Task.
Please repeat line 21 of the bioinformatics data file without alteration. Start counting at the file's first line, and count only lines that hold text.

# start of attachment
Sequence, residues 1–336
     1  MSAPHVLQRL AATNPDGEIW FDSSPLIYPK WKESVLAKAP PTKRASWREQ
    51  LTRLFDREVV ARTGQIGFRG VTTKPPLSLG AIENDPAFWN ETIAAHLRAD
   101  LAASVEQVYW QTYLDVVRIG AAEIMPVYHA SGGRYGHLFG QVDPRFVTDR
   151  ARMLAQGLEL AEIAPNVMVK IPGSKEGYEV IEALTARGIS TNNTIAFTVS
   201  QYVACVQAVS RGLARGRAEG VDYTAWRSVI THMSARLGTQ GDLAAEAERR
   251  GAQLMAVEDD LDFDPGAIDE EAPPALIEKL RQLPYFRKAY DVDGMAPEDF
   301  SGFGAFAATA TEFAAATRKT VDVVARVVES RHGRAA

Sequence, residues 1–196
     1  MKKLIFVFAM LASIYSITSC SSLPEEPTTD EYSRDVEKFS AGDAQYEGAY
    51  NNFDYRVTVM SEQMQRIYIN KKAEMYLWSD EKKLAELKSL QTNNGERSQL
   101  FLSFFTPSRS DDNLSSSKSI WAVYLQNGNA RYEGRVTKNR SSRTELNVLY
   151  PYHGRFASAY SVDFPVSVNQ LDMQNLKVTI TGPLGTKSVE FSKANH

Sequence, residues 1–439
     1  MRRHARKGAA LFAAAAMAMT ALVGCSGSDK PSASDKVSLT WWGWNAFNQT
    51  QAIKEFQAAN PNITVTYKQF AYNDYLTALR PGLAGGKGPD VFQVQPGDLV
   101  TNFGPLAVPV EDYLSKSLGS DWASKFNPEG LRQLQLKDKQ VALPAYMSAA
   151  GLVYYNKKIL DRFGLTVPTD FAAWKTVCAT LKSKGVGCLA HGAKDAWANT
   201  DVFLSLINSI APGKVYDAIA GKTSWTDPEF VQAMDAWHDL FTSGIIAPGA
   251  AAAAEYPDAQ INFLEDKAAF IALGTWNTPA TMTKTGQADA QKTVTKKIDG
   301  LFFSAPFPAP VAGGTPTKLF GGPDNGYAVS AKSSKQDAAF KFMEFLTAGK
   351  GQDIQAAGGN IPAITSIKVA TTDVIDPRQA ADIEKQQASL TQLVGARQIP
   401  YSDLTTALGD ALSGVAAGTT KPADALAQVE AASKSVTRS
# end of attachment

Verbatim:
   301  LFFSAPFPAP VAGGTPTKLF GGPDNGYAVS AKSSKQDAAF KFMEFLTAGK